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"Communities participant in the synoecism of Nikopolis and the boundaries of the territory."

Synoecism or synecism ({{#invoke:IPAc-en|main}} si-NEE-siz-əm; Ancient Greek: συνοικισμóς{{#invoke:Category handler|main}}, sunoikismos, Ancient Greek: [syːnɔi̯kismós]), also spelled synoikism ({{#invoke:IPAc-en|main}} si-NOY-kiz-əm), was originally the amalgamation of villages in Ancient Greece into poleis, or city-states. Etymologically the word means "dwelling together (syn) in the same house (oikos)." Subsequently any act of civic union between polities of any size was described by the word synoikismos. The closest analogy today is the incorporation of a city; in fact, "incorporation" is often used to translate synoikismos, in addition to the Latinized synoecism. Synoecism is opposed to Greek dioecism (διοικισμóς, dioikismos), the creation of independent communities within the territory of a polis.

Synoecism is the result of a few major factors, mainly an increase in population density of adjacent settlements, with an incorporation proposed for economic, political or ideological advantages, such as the synoecism of the communities of Attica into Athens, or by imposition of a ruling power, such as the synoecism of Messenia into the newly built city of Messene. A dioecism was undertaken for similar reasons, such as the settling of new and independent communities within territory of Constantinople abandoned due to a contraction of population, or the contraction of Thessaloniki out of its former neighborhoods outside the city walls due to the occupation of the countryside by the Turks.<ref name= "dop57">{{#invoke:citation/CS1|citation |CitationClass=citation }}</ref>

A conqueror might break up a polis for various reasons. For example, as part of the settlement of the Third Sacred War in 346 BC, the Amphictyonic League was commissioned to destroy 21 or 22 cities of Phocis, many of which had already been burned. They chose the method of dioecism, returning the poleis to their constituent kōmai, or villages. The city fortifications were then dismantled. This relatively mild destruction was reversed by Athens and Thebes several years later. They were sympathetic to Phocis but their hands had been legally tied. The cities were re-synoecized. The larger states assisted Phocis to rebuild the fortifications.<ref>{{#invoke:citation/CS1|citation |CitationClass=citation }}</ref>


Synoecism sections
Intro  Characteristics of a synoecism  Interplay between \"demos\" and \"polis\"  Archaeology  See also  References  Bibliography  [[Synoecism?section=External</a>_links|External</a> links]]  

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Polis::first    States::greece    Greek::ancient    Other::category    Villages::demos    Title::between

{{#invoke:Hatnote|hatnote}}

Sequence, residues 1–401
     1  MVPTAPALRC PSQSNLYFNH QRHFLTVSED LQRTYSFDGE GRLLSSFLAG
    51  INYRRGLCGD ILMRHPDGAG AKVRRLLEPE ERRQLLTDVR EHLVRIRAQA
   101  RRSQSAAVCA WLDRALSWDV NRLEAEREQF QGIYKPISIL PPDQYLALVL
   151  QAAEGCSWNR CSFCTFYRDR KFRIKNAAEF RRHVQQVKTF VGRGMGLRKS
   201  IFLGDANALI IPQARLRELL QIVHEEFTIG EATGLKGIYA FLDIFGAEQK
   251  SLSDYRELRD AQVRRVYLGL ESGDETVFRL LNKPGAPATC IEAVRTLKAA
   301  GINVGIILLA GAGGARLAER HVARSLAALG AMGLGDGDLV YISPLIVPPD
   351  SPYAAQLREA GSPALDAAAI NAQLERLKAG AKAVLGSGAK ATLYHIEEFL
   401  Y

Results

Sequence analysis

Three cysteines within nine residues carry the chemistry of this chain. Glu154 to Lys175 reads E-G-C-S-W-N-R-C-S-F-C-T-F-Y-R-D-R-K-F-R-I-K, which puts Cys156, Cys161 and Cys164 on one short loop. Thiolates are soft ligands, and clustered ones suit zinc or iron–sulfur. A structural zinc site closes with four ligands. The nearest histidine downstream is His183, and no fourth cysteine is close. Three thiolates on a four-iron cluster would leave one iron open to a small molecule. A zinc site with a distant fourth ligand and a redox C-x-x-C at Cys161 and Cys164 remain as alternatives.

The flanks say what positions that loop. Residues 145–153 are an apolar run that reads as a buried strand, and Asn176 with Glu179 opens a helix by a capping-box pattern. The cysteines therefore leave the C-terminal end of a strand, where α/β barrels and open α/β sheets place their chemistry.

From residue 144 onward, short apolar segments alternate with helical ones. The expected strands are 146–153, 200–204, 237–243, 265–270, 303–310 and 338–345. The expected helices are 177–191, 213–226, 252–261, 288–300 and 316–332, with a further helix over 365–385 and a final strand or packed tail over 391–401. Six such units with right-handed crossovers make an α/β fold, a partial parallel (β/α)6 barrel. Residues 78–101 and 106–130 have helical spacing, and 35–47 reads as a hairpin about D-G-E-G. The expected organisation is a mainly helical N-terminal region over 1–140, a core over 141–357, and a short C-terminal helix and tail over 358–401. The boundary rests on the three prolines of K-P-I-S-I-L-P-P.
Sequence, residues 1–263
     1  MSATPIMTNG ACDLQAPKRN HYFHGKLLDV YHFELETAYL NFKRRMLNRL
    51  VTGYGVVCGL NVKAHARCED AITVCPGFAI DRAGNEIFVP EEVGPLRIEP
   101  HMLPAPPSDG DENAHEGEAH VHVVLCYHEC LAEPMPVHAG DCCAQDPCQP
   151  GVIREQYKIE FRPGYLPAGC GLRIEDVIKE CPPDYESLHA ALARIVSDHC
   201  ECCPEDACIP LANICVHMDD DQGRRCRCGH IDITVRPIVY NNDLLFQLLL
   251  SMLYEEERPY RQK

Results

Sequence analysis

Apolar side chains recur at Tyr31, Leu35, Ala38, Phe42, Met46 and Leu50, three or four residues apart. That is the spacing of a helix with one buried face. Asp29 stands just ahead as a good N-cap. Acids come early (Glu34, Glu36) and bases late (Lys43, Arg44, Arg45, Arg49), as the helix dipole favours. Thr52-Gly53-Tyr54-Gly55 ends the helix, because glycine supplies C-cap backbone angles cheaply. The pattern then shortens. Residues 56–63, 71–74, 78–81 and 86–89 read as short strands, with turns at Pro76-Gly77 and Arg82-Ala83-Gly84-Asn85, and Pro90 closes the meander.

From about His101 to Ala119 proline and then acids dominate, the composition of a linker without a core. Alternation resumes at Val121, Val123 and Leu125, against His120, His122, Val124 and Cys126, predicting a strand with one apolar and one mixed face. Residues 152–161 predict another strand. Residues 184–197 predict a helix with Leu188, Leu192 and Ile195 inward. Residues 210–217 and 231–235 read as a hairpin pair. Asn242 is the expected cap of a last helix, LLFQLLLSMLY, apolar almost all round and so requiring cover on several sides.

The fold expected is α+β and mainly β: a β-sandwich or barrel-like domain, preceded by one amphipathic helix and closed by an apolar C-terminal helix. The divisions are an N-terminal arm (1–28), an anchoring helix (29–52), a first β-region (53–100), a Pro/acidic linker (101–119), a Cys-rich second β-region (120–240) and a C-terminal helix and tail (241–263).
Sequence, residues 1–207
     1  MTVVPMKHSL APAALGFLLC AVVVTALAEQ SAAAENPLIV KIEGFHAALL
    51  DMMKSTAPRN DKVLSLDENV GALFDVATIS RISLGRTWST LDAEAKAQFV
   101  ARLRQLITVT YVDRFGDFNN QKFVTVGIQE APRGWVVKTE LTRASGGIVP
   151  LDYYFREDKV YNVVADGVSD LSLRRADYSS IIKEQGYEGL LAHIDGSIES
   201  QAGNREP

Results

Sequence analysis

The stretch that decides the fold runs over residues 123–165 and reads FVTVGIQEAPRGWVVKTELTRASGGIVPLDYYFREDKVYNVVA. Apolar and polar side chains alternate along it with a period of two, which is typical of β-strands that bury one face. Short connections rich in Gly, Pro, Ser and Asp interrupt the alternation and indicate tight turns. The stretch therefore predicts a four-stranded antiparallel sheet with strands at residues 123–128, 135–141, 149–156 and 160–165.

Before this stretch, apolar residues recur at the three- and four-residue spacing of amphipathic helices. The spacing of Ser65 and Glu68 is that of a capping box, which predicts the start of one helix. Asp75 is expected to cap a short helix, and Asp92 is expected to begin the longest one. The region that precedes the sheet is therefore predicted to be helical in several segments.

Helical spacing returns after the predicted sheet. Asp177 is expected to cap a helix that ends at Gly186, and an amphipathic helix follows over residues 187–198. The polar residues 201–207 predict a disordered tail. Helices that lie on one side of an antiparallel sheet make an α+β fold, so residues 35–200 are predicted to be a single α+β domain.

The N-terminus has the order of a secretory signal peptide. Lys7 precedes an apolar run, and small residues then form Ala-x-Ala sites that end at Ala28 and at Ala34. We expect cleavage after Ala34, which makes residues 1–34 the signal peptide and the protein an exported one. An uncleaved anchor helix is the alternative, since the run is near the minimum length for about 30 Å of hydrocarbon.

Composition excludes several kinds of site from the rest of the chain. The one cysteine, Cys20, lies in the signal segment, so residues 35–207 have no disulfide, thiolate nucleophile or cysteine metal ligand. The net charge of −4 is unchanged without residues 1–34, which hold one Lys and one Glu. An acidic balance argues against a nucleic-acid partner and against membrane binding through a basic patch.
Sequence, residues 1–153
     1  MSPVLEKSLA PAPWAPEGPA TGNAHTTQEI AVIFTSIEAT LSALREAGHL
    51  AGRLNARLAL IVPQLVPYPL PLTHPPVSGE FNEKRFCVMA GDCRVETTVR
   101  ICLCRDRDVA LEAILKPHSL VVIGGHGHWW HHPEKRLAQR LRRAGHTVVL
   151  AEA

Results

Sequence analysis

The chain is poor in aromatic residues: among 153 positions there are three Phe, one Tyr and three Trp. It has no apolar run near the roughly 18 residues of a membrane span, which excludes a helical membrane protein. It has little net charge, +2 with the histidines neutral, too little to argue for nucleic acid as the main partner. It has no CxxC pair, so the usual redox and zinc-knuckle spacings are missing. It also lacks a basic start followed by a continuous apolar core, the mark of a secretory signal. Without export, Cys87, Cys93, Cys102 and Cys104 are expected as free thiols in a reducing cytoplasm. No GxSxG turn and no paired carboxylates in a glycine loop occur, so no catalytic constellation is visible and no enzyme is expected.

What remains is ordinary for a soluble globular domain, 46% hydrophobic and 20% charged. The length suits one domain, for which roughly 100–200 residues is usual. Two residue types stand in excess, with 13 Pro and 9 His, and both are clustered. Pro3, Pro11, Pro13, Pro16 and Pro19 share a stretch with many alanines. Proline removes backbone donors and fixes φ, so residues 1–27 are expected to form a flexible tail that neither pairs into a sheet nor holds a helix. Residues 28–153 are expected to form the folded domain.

"Communities participant in the synoecism of Nikopolis and the boundaries of the territory."

Synoecism or synecism ({{#invoke:IPAc-en|main}} si-NEE-siz-əm; Ancient Greek: συνοικισμóς{{#invoke:Category handler|main}}, sunoikismos, Ancient Greek: [syːnɔi̯kismós]), also spelled synoikism ({{#invoke:IPAc-en|main}} si-NOY-kiz-əm), was originally the amalgamation of villages in Ancient Greece into poleis, or city-states. Etymologically the word means "dwelling together (syn) in the same house (oikos)." Subsequently any act of civic union between polities of any size was described by the word synoikismos. The closest analogy today is the incorporation of a city; in fact, "incorporation" is often used to translate synoikismos, in addition to the Latinized synoecism. Synoecism is opposed to Greek dioecism (διοικισμóς, dioikismos), the creation of independent communities within the territory of a polis.

Synoecism is the result of a few major factors, mainly an increase in population density of adjacent settlements, with an incorporation proposed for economic, political or ideological advantages, such as the synoecism of the communities of Attica into Athens, or by imposition of a ruling power, such as the synoecism of Messenia into the newly built city of Messene. A dioecism was undertaken for similar reasons, such as the settling of new and independent communities within territory of Constantinople abandoned due to a contraction of population, or the contraction of Thessaloniki out of its former neighborhoods outside the city walls due to the occupation of the countryside by the Turks.<ref name= "dop57">{{#invoke:citation/CS1|citation |CitationClass=citation }}</ref>

A conqueror might break up a polis for various reasons. For example, as part of the settlement of the Third Sacred War in 346 BC, the Amphictyonic League was commissioned to destroy 21 or 22 cities of Phocis, many of which had already been burned. They chose the method of dioecism, returning the poleis to their constituent kōmai, or villages. The city fortifications were then dismantled. This relatively mild destruction was reversed by Athens and Thebes several years later. They were sympathetic to Phocis but their hands had been legally tied. The cities were re-synoecized. The larger states assisted Phocis to rebuild the fortifications.<ref>{{#invoke:citation/CS1|citation |CitationClass=citation }}</ref>


Synoecism sections
Intro  Characteristics of a synoecism  Interplay between \"demos\" and \"polis\"  Archaeology  See also  References  Bibliography  [[Synoecism?section=External</a>_links|External</a> links]]  

PREVIOUS: IntroNEXT: Characteristics of a synoecism
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